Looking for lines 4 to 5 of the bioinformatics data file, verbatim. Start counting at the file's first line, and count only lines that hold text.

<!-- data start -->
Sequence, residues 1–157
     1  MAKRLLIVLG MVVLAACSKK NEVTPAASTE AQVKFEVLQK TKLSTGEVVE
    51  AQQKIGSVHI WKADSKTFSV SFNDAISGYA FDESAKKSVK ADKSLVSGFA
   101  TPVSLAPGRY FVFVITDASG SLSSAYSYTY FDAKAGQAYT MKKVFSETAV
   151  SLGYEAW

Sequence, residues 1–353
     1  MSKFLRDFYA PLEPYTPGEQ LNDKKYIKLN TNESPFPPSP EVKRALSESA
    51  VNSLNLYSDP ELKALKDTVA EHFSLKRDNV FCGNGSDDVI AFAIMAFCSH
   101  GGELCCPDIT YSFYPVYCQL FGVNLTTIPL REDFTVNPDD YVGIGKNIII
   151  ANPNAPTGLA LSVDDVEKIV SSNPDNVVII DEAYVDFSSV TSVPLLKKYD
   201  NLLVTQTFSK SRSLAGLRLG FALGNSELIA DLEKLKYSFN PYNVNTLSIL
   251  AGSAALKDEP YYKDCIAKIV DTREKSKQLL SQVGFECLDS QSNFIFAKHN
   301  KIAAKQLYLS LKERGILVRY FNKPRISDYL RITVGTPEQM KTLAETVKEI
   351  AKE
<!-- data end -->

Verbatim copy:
   101  TPVSLAPGRY FVFVITDASG SLSSAYSYTY FDAKAGQAYT MKKVFSETAV
   151  SLGYEAW